4. A milling head structure for a milling machine having an overarm, said milling head comprising, a spindle housing, a tool spindle journalled in said housing, swivel means extending from said housing on an axis generally at right angles to the axis of the spindle, said swivel means journalled in the overarm and providing a rotary indexing motion of the spindle housing, a centralized drive shaft journalled in said swivel means upon the turning axis thereof, a counter shaft journaled in said swivel means and residing generally at right angles to said centralized shaft and parallel with the spindle, a power motor on the overarm in driving connection with the centralized shaft, respective bevel gears on the centralized shaft and counter shaft meshing with one another and driving the counter shaft, a pulley keyed to said counter shaft, a shiftable sector element mounted for pivotal motion about the axis of the right angular counter shaft, an idler shaft mounted on a swinging portion of said sector element and residing parallel with the counter shaft, a drive pulley keyed to the counter shaft, a driven pulley journalled on the said idler shaft, a belt tracked on said pulleys and driving the driven pulley, a set of stepped drive pulleys journalled in the idler shaft and in driving connection with the driven pulley thereof, a set of stepped driven pulleys keyed on said spindle, the individual pulleys of each of said sets having different pitch diameters and residing in common planes, a spindle driving belt adapted to be tracked upon individual pulleys of each set which reside in a common plane, said sector element, idler shaft, and pulleys thereof movable as a unit in an are relative to the spindle, whereby said spindle driving belt is shiftable into tracking engagement with selective individual pulleys of said sets to provide a plurality of spindle speed ranges, said centralized drive shaft providing rotary indexing motion of the swivel means and driving the tool spindle at said selected speed ranges at selected indexed angles of the spindle housing and spindle. I
5. A milling head structure for a milling machine having an overarm, said milling head comprising, a spindle housing, a tool spindle journalled in said housing, a swivel spool extending from said housing on an axis generally at right angles to the axis of the spindle, said swivel spool journalled in the overarm and providing a rotary indexing motion of the spindle housing, said swivel spool having a cylindrical bearing sleeve disposed at right angles to the axis of the spool, a centralized drive shaft journalled in said swivel spool upon the turning axis thereof, a counter shaft journalled in the said bearing sleeve of the swivel spool and residing generally at right angles to said centralized shaft and parallel with the spindle, a power motor on the overarm in driving connection with the centralized shaft, respective bevel gears on the centralized shaft and counter shaft meshing with one another and driving the counter shaft, a pulley keyed to said counter shaft, a shiftable sector mounted externally upon the cylindrical bearing sleeve of the swivel spool for pivotal motion about the axis of the right angular counter shaft, an idler shaft mounted on a swinging portion of said sector and residing parallel with the counter shaft, a drive pulley keyed to the counter shaft, a driven pulley journalled on the said idler shaft, a belt tracked on said pulleys and driving the driven pulley, a set of stepped drive pulleys journalled in the idler shaft, and in driving connection with the driven pulley thereof, a set of stepped driven pulley keyed on said spindle, the individual pulleys of each of said sets having different pitch diameters and residing in common planes, a spindle driving belt adapted to be tracked uponindividual pulleys of each set which reside in a common plane, said sector, idler shaft, and pulleys thereof movable as a unit in an are relative to the spindle, whereby said spindle driving belt is shiftable into tracking engagement with selective individual pulleys of said sets to provide a plurality of spindle speed ranges, said centralized drive shaft providing rotary indexing motion of the swivel means and driving the tool spindle at said selective speed ranges at selected indexed angles of the spindle housing and spindle.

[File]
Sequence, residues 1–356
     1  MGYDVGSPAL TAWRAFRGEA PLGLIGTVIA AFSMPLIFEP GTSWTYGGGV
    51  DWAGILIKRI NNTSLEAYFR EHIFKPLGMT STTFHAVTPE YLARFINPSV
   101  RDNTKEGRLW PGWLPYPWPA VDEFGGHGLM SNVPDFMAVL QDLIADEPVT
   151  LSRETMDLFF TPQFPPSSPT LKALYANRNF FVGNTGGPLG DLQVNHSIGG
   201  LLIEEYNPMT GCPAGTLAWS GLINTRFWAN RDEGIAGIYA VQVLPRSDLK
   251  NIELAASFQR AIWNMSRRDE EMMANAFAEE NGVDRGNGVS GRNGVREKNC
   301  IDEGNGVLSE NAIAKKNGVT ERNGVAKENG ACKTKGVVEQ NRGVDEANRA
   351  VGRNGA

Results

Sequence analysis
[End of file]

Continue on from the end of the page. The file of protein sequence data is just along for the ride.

6. A milling head structure for a milling machine having an overarm, said milling head comprising, a spindle housing, a tool spindle journalled in said housing, swivel means extending from said housing on an axis generally at right angles to the axis of the spindle, said swivel means journalled in the overarm and providing a rotary indexing motion of the spindle housing, a centralized drive shaft journalled in said swivel means upon the turning axis thereof, a counter shaft journalled in said swivel means and residing generally at right angles to said centralized shaft and parallel with the spindle, respective bevel gears on the centralized shaft and counter shaft meshing with one another and driving the counter shaft, a shiftable sector element mounted for pivotal motion about the axis of the right angular counter shaft, an idler shaft mounted on the swinging portion of said sector elemen-t and parallel with the counter shaft, a drive pulley keyed to the counter shaft, a driven pulley journalled on the said idler shaft, a belt tracked on said pulleys and driving the driven pulley, a set of stepped drive pulleys journalled in the idler shaft and in driving connection with the driven pulley thereof, a set of stepped pulleys keyed on said spindle, the individual pulleys of each of said sets having different pitch diameters, a spindle, driving belt tracked upon selected individual pulleys of each set, said sector element, idler shaft and pulleys thereof shiftable about the counter shaft as a unit in an arc relative to the spindle, whereby said spindle driving belt is shiftable into tracking engagement with selective individual pulleys of said sets to provide a plurality of spindle speed ranges, a power motor mounted on the overarrn, a set of stepped drive pulleys on said motor, a set of stepped driven pulleys keyed to said centralized shaft, and a driving belt tracked upon said driving and driven pulleys, said belt being shiftable relative to said pulleys, thereby to provide a series of selective driving ratios from said motor to said centralized shaft, said selective driving ratios combining with the said selective speed ranges and providing selective individual spindle speed rates.
References Cited in the file of this patent UNITED STATES PATENTS Klausrneyer Feb. 11, Archea Oct. 9, Klausmeyer et al Mar. 12, Curtis Dec. 15, Richards May 16, Bannow July 23, MeKelvey June 21, Tree Dec. 20, Eserkaln Nov. 18, Armitage et al Nov. 3,
FOREIGN PATENTS Great Britain
|Cited Patent||Filing date||Publication date||Applicant||Title|
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|Citing Patent||Filing date||Publication date||Applicant||Title|
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|U.S. Classification||409/204, 409/184, 409/211, 408/236|